The Sound of Broken Glass: A Novel (Duncan Kincaid/Gemma James Novels)
When Detective Inspector Gemma James investigates the tawdry demise of Vincent Arnott, an unlovable barrister, it looks like a pickup gone wrong.
But after another barrister Shaun Francis dies in remarkably similar circumstances, the Shakespeare line about “. . . let's kill all the lawyers.” starts to suggests this is the beginning of something much bigger. Of course if a serial killer decided to target despicable lawyers, the ground would be thick with barristers.
Lucky for the reader these cases are more interesting.
The lawyers don’t seem to have much in common except their demises—different chambers, different cases, Arnott’s wife suffers from dementia, and Francis is a mama’s boy with a huge sense of entitlement.
The night Arnott dies, he went to his local to pick up some action.
The band that played that night had a bit of action as well. Andy, the guitar player, sees someone from his past and the encounter ends with a fight. Is the fight connected to the Arnott’s death?
While Gemma and her partner Duncan juggle child care and work, they discover old friend Tam has just discovered a once in a lifetime opportunity by putting this same Andy together with a vicar’s daughter/ bassist named Poppy. Both are good, but the sum is great.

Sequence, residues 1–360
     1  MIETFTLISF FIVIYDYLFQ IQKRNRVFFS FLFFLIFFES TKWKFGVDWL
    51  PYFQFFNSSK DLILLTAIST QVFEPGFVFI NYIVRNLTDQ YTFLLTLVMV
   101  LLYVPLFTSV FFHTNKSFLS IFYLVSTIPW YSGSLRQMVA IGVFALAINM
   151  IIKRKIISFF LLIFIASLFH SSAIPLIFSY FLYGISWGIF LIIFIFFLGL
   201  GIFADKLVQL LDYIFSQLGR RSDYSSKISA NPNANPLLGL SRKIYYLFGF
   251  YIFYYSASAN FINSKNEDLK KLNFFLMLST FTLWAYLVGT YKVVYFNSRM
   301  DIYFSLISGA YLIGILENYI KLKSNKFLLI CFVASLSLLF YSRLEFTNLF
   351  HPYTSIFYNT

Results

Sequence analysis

But if Andy killed someone, he’s going down.
The two hallmarks of a Deborah Crombie mystery are the routineness of everyday life in England and her insight into how setting influences plot. It is worth remembering that Crombie is, in fact, an American. That outsider perception helps the reader in getting to know the history of a place you may visit as a tourist, like Notting Hill, where her detectives Kincaid and James live, or the lesser known Crystal Palace, where part of this book is set in the not-too-distant past.
The Crystal Palace was dreamed up by, who else, the Victorians, to house the Great Exhibition of 1851, showing off the wonders of the Industrial Revolution. With clear walls and ceilings, the building flaunted the recent invention of plate glass. After the exhibition in Hyde Park, the building was rebuilt in a South London suburb until its destruction by fire in 1936. The historical descriptions of the fire and the spectacle of the conflagration are wondrous, evoking the entertainment of public events at which everyone is in the street: rich and poor, old and young.
The author also brings to life the guitar shops on Denmark Street in Soho—only a half block of them, but any guitarist worth mentioning has bought one or two (or 200, knowing rock and rollers) at that shop.
The Sound of Broken Glass is a reflection of London, a great city from Boadicea to modern times. Deborah Crombie is enchanted with the mix of languages, classes, and customs that make up the lifeblood of this city, and she exhibits her love for London quite blatantly.
And yes, the boy who practices guitar in his Crystal Palace slum may become a star.